Utopian Communities, 1800-1890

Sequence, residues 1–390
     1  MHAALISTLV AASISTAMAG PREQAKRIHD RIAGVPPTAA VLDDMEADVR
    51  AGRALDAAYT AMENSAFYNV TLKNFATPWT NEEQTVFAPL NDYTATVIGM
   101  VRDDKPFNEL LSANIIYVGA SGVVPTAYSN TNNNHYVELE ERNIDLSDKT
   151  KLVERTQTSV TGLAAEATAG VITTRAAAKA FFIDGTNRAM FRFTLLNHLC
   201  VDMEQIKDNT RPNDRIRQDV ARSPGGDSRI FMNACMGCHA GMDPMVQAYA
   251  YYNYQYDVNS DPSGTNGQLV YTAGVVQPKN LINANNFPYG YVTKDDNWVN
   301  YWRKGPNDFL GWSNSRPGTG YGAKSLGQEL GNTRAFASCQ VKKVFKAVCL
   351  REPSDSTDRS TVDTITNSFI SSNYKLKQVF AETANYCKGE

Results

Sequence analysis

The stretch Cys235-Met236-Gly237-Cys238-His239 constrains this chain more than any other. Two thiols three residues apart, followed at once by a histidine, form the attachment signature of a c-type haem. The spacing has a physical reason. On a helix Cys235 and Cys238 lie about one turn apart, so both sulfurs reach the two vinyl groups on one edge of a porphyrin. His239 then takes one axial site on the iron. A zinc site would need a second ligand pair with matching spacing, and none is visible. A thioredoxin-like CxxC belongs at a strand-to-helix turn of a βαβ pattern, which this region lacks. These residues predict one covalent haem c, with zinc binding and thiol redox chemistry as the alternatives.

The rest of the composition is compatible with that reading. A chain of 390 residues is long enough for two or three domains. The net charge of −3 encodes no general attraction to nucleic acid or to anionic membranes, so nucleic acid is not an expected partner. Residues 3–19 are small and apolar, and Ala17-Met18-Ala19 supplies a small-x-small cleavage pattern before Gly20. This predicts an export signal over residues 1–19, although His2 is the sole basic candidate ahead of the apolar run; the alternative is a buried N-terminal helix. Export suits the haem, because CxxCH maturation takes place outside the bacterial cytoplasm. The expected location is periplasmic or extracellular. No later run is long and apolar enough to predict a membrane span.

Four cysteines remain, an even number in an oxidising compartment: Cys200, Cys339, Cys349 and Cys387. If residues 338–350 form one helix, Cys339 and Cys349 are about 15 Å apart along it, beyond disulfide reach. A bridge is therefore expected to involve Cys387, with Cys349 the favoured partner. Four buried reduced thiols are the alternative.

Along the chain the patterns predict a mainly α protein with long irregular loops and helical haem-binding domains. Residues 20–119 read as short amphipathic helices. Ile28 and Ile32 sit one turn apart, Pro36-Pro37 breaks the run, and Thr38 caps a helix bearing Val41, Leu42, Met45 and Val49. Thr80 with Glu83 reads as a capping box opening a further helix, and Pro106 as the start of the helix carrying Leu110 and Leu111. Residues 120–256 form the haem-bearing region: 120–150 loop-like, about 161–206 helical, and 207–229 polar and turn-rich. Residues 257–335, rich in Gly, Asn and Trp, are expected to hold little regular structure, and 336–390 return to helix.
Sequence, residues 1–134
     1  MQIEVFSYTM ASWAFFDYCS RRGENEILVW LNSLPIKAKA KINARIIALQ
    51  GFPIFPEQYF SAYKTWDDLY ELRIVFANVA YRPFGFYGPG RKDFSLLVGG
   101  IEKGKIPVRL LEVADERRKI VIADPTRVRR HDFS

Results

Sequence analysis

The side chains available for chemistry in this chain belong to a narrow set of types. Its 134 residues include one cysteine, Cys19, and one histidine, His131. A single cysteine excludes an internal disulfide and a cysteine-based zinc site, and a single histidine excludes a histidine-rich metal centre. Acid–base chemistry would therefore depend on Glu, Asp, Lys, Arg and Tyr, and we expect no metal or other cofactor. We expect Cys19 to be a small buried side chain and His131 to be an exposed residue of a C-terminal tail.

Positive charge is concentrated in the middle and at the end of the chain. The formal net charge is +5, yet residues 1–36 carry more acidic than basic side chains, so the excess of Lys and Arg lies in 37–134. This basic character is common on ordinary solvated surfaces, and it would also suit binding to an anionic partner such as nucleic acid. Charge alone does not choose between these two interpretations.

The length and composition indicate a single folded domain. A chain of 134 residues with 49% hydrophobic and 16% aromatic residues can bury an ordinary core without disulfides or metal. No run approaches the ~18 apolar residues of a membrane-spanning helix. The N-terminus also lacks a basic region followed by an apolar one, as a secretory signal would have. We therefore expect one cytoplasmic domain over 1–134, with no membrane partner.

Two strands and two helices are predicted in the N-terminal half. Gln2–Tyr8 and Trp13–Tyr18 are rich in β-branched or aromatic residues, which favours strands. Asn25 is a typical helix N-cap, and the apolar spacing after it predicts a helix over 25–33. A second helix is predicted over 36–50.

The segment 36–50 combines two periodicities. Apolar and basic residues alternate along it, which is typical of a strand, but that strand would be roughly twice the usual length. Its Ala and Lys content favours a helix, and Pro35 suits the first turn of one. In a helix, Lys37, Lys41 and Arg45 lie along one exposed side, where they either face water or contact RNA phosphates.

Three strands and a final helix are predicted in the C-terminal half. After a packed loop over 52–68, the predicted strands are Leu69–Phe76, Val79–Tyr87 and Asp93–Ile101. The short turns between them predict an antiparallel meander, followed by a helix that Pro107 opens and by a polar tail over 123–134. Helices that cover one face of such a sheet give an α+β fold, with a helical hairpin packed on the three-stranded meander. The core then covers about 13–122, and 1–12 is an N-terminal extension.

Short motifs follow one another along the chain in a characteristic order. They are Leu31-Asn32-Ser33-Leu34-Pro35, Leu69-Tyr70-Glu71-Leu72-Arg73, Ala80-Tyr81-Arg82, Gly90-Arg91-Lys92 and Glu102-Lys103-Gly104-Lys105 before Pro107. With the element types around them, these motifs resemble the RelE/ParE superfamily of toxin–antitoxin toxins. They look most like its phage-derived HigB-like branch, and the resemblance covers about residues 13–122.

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Even before the nineteenth century, various groups flocked to the New World to claim land and establish a new way of life in communal living experiments. In the first century and a half after Jamestown was founded, almost all groups had a distinctly religious flavor. Most tended to be exclusive and did not welcome outsiders. Virginia was established as an Angilican state. Massachusetts was Puritan, actively persecuting Quakers and other dissident Protestant sects well into the eighteenth century. It wasn’t until William Penn, a Quaker, founded the colony of Pennsylvania in 1682, that Quakers and other groups had a haven with complete religious liberty. Penn actively recruited Protestant religious groups in Europe, which resulted in the largest wave of immigration to North America to that time. Besides English and German Quakers, Mennonites, Moravian Brethren and German Anabaptists responded to Penn’s pleas.